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--> equipment underground, as well as steps taken to ensure a safe, efficient TBM operation, are available at DNA to share with the Yucca Mountain staff and others. Further experiences of DNA managers working in construction and operation of underground facilities reveal the need to appreciate the intent of the various legal requirements governing underground activities. Once the management staff understood that such laws are not passed to bring pain into their lives, much could be accomplished. It was necessary for managers to examine and evaluate the various laws and codes to determine what the legal requirements were intended to accomplish. Generally the intent is to benefit the safety of operations. But after a law is written, the effect of the letter of the law often is not directly applicable to the immediate construction or operations in progress at that time. It has been DNA's experience that managers must work at the onset of a project to determine the intent of the law. This is best accomplished by working closely with the safety staff and allowing them to be a part of the bigger mission/project team. The safety staff can help adapt the organization so that operations may proceed efficiently, effectively, and safely. Meeting the letter of the law without careful thought and planning can result in an ineffective safety program, a charade on paper. Understanding and meeting the intent of the law, however, leads to the development of a safety program that is effective, efficient, and productive. Such a program has credibility with the line staff as a no-nonsense program to be honored at all times by all managers and workers. Safety occurs when everyone is involved in making the program work and the intent of the law is met. Comments and Suggestions In a facility project such as the ESF, it is likely that there will be numerous requirements for development of site safety procedures supporting various operational construction activities. Development of site procedures may or may not meet the scrutiny of higher organizational echelons. This can be a point of much contention, as under normal conditions safety engineers in the field make final determinations in many safety-related areas. A clearly defined line of safety review, established early, prevents operational managers from becoming frustrated in their construction efforts. Safety engineers must be integrated into all phases of project execution, with the tempo established during the planning phase. The safety engineer must work closely with planners, other engineers, technicians, estimators, and others to integrate safety features efficiently into facility design. The DNA management team observed the following rules:
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--> There is no substitute for technical expertise, especially among the management staff. Honest communications are essential for an effective team. The staff safety engineer is selected based on the following: a demonstrated level of expertise in both formal education and experience; a confirmed demeanor in the field to speak forthrightly; and the ability to articulate safety-related problem areas, understand multiple engineering methodologies, and assess risks across a wide spectrum of potential safety threats. The safety engineer joins the project's operational staff at the earliest planning stages. Operational managers must understand that they are ultimately responsible for safety in their work areas. Communications should flow both up and down. Attention to detail is critical. The overall safety program must be simple and outside bureaucratic incorporation. Over-complication of safety management fundamentals will sacrifice real work-place safety. The safety analysis report and operational safety plan must be in place before construction begins. Sensitivities in the environmental safety and health arena are such that any deviation from accepted and proven safety practices and construction practices and methods could jeopardize the entire project. Even the perception of less-than-solemn management practices is cause for concern. It represents a potential danger in that managers feel compelled to establish ever more elaborate oversight procedures and managerial checks. In mm, this approach taken to extremes perpetuates the syndrome of a bureaucratic safety program that has become a charade. The organization can appear squeaky clean, having provided a program that is perfect on paper, but in practice is only a sham, ineffective in providing real safety in the work place. DOE should task the lead contractor through a clearly stated mission statement and then allow the work to proceed under the contractor's direction. The lead contractor should weld a team from the support contractors, which should assume full responsibility for safety in facility work areas. DOE should share its experience with contractor staff and keep them informed at all times. DOE's technical representatives must resolve problems as they occur and continue to focus the lead contractor's effort on the task at hand. DOE's technical representatives must understand the fundamentals of assigned contractor duties and must be capable of understanding the levels of effort and the safety implications involved for a variety of technical tasks. Technical representatives must foster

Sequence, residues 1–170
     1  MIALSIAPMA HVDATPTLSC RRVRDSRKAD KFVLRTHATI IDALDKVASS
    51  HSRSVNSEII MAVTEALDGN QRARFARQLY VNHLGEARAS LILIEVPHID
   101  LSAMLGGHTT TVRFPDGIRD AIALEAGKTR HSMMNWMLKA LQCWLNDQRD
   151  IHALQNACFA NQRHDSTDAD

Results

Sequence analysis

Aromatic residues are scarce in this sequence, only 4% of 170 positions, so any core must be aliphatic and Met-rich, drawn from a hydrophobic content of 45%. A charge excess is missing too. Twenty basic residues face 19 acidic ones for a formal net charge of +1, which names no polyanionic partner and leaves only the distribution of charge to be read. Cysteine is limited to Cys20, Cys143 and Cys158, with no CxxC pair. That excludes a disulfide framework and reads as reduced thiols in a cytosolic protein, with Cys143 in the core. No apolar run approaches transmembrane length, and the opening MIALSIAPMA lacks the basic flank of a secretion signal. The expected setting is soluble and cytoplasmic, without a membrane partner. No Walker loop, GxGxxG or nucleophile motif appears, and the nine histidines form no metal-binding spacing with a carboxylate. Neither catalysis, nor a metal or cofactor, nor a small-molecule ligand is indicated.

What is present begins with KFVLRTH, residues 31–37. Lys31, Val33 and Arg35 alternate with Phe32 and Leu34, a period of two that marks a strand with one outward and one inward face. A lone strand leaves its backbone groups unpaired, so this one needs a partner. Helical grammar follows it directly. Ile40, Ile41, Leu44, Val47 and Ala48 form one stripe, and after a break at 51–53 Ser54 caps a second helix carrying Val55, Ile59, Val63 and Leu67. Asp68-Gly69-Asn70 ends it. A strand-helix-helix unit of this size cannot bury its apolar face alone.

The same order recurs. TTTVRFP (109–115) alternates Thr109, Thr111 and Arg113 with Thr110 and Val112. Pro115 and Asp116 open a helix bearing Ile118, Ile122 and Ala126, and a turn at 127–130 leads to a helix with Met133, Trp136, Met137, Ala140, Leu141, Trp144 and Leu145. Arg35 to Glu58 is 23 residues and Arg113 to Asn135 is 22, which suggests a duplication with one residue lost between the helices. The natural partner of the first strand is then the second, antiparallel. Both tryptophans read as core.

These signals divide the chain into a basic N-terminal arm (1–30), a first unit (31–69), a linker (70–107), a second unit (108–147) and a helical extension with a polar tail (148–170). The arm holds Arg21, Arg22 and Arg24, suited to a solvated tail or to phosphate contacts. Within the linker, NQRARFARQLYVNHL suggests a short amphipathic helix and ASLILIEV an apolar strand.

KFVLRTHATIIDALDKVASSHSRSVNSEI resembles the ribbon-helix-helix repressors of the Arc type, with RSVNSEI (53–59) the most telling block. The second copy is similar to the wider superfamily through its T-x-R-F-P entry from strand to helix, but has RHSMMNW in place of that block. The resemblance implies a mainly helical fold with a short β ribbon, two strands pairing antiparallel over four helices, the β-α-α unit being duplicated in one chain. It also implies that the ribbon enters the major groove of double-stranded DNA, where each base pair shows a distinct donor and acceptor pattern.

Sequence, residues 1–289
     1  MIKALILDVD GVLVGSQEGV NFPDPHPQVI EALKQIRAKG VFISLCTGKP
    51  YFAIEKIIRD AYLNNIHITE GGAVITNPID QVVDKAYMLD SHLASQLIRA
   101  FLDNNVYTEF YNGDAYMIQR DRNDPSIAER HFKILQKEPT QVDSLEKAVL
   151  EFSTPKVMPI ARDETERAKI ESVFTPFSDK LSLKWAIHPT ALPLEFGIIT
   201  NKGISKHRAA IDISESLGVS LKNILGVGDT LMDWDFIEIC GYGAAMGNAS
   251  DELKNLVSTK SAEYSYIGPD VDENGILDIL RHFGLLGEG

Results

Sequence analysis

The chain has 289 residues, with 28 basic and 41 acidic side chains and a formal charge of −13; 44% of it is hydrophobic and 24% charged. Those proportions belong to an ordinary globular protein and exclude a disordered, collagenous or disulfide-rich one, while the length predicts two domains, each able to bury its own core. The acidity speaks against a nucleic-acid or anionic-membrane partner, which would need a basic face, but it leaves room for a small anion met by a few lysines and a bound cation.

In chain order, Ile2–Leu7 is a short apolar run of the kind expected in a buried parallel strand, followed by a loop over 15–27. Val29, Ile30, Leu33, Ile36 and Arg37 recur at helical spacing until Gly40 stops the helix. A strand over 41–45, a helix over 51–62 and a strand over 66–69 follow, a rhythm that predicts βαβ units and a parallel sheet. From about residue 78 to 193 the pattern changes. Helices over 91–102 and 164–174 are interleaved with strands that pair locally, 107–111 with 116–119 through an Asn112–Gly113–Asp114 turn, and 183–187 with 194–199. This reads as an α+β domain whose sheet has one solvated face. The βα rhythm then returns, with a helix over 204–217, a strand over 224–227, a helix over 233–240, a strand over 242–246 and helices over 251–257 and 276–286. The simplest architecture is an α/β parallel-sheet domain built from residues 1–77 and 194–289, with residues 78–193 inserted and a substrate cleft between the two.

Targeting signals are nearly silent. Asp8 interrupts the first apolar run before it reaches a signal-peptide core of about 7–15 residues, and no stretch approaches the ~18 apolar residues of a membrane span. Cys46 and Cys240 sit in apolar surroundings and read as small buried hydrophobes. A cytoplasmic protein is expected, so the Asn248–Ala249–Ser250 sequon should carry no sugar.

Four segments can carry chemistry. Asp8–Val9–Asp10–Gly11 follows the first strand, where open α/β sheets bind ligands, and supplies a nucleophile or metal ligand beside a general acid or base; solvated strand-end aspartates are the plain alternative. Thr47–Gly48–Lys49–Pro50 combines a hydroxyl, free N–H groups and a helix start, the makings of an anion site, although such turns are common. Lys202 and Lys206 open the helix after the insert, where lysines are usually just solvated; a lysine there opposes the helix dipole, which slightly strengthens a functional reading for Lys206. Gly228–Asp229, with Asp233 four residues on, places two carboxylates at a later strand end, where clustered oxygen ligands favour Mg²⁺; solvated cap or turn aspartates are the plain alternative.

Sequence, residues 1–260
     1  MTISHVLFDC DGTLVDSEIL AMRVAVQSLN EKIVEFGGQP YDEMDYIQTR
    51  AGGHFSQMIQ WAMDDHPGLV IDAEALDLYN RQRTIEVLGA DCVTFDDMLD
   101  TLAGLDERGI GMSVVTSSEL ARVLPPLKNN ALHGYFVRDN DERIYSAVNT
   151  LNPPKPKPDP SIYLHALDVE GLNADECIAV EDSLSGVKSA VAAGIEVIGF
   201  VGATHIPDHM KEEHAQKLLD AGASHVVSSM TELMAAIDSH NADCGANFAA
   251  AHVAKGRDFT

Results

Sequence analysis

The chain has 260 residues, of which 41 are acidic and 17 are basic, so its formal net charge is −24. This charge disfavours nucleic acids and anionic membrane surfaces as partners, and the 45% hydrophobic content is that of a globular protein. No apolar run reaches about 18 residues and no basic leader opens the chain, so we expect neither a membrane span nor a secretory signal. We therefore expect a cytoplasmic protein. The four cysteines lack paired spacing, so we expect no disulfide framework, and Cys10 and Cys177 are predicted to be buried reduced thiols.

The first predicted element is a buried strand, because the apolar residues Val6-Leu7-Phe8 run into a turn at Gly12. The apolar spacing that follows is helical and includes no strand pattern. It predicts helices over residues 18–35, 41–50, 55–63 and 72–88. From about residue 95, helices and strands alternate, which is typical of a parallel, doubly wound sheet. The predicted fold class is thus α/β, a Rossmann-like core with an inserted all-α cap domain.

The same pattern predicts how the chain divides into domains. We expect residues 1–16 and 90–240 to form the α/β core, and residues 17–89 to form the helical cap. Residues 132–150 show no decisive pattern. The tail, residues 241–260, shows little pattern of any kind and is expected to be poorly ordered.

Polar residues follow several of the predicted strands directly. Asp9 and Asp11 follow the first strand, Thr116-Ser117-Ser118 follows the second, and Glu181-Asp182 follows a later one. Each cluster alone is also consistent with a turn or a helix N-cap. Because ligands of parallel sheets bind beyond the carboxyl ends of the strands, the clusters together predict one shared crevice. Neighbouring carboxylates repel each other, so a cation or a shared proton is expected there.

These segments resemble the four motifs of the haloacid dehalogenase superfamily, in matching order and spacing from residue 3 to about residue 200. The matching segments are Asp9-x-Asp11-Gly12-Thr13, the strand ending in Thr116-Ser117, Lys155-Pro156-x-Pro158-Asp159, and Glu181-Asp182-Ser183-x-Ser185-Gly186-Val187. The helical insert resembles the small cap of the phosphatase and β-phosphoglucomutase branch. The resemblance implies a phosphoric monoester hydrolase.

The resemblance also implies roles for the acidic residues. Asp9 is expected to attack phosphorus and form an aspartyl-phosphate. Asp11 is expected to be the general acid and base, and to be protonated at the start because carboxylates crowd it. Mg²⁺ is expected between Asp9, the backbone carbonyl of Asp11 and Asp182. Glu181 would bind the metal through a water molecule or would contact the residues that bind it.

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--> a feeling of mutual trust between government and contractor staffs. Both contracting officers and technical representatives in the field must develop an appreciation of the safety issues and requirements and the extent to which these affect facility construction efforts and operations at federal installations. Summary The hallmark of DNA operations has been persistent and continuing attention to detail in all project phases. The small details are often the ones that ''bite'' regarding safety programs. But the stakes are higher than they have ever been, and management must appreciate this fact. The DNA experience is available to help develop safety programs that are effective, flexible, and understood by all team players. DOE should develop a real safety team, not a charade. A letter-perfect program does not necessarily ensure real work-place safety; the work force usually suspects such a program of being only a sham. Credible programs are always carefully thought out and include the concept of team development. The YMP should consider the procedures and codes developed by the Nevada Test Site users. Review of these documents will clarify many requirements for facility construction and operations.